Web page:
1881 Census of Canada. Census Place: Charlottetown Royalty, Queens, Prince Edward Island; Roll: C_13163; Page: 82; Family No: 353.
1891 Census of Canada.Census Place: Charlottetown Royalty, Queens, Prince Edward Island; Roll: T-6383; Family No: 14.
1901 Census of Canada.Census Place: Charlottetown (City/Cité), Queen's (west/ouest), Prince Edward Island; Page: 3; Family No: 24.
1921 Census of Canada. Reference Number: RG 31; Folder Number: 105; Census Place: Charlottetown (City), Queens, Prince Edward Island; Page Number: 5.
“The City and the Province During 1936.” Charlottetown Guardian. 31 December 1936. Pg. 5. Accessed through Island Newspapers on 25 July 2016.
“Former Local Postmaster Dies Suddenly.” Charlottetown Guardian. 26 June 1936. Pg. 10. Accessed through Island Newspapers on 25 July 2016.
"Local and other Items". Charlottetown Herald. 2 December 1885.
MacKinnon, D.A. and A.B. Warburton. Past and present of Prince Edward Island. Charlottetown: B.F. Brown, 1906. Accessed through UPEI Microform collection.
Maryland Baltimore Passenger Lists, 1820-1948. Year: 1929. Volume 98-99, 1 July 1929 - 28 June 1931 [NARA T844 roll 127].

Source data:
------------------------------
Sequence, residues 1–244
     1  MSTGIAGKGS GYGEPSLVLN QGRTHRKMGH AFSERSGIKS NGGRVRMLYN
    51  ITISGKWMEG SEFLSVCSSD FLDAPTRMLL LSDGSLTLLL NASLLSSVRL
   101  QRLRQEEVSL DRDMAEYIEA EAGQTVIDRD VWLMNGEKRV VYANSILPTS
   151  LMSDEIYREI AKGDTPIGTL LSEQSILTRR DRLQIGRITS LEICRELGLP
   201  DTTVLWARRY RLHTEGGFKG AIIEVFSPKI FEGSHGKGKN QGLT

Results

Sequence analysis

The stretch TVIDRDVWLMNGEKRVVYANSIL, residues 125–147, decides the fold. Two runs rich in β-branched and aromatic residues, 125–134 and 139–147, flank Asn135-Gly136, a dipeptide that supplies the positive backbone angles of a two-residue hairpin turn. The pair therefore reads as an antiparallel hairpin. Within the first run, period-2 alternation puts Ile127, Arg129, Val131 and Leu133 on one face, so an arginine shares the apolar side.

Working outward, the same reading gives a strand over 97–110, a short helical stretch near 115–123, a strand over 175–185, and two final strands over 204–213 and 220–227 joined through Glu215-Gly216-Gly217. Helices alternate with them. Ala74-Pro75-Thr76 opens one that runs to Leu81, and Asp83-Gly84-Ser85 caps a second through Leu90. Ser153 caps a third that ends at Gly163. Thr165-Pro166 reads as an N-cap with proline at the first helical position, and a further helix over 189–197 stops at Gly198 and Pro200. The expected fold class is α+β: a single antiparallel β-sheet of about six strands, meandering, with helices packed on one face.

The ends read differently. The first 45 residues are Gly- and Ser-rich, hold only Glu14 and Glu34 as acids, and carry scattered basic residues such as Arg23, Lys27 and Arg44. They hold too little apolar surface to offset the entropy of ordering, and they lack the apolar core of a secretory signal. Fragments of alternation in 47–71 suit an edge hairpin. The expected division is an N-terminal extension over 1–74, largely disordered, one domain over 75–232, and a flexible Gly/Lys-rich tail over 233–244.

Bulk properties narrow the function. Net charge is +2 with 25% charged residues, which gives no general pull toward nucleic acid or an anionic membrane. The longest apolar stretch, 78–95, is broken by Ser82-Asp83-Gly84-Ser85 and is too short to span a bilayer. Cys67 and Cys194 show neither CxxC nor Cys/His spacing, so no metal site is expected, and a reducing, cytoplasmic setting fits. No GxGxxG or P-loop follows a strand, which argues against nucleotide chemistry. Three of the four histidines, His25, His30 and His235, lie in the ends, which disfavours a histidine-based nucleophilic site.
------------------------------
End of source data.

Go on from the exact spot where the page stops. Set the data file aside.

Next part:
“Mr. Joseph McCarey in Edinburgh.” Charlottetown Guardian. 24 August 1929. Pg. 15. Accessed through Island Newspapers on 25 July 2016.
“Mrs. Francis McCrory." Charlottetown Guardian. 28 February 1933. Pg. 6. Accessed through Island Newspapers on 30 May 2019.
“Personals.” Charlottetown Guardian. 17 August 1935. Pg. 10. Accessed through Island Newspapers on 25 July 2016.
“A Pleasant Visit.” Charlottetown Guardian. 15 August 1930. Pg. 6. Accessed through Island Newspapers on 25 July 2016.
Cemetery Transcripts. PEI Genealogical Society Inc. Record #1263, McCarey stone. Charlottetown Roman Catholic Cemetery, Lot 33-14, page 30.
PEI Public Archives and Record Office. Baptismal Record for Helen Constance Eden, Record Book Number 3, Record Book Page 447.
Public Archives and Records Office of Prince Edward Island. Year: 1927. Place: Baltimore, Maryland. Source: Patriot Newspaper, 31 December 1927.
“The Queen’s County Guardian.” Charlottetown Guardian. 27 February 1912. Pg. 3. Accessed through Island Newspapers on 25 July 2016.
“Sees Many Changes During Half Century in Postal Service.” Charlottetown Guardian. 7 October 1930. Pg. 2 & 5. Accessed through Island Newspapers on 25 July 2016.
The National Archives at Washington, D.C.; Washington, D.C.; Series Title: Passenger Lists of Vessels Arriving at Boston, Massachusetts, 1891-1943; NAI Number: 4319742; Record Group Title: Records of the Immigration and Naturalization Service, 1787-2004; Record Group Number: 85; Series Number: T843; NARA Roll Number: 408.
Some information was provided by Sean Vanderfluit. His spouse is a great great great niece of Joseph McCarey.
“Sees Many Changes During Half Century in Postal Service.” Charlottetown Guardian. 7 October 1930. Pg. 5. Accessed through Island Newspapers on 25 October 2016.